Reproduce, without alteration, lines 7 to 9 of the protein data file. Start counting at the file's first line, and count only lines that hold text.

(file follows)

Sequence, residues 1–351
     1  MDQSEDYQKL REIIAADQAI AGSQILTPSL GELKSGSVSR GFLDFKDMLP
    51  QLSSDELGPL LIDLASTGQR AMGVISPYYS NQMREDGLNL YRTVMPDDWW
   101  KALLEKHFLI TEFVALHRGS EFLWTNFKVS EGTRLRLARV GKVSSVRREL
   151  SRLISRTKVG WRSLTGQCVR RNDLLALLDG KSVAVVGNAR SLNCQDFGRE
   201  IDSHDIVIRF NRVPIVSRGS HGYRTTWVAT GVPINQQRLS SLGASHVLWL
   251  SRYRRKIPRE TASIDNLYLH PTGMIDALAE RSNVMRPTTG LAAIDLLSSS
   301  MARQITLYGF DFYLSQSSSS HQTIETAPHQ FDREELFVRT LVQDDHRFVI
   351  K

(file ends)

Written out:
   251  SRYRRKIPRE TASIDNLYLH PTGMIDALAE RSNVMRPTTG LAAIDLLSSS
   301  MARQITLYGF DFYLSQSSSS HQTIETAPHQ FDREELFVRT LVQDDHRFVI
   351  K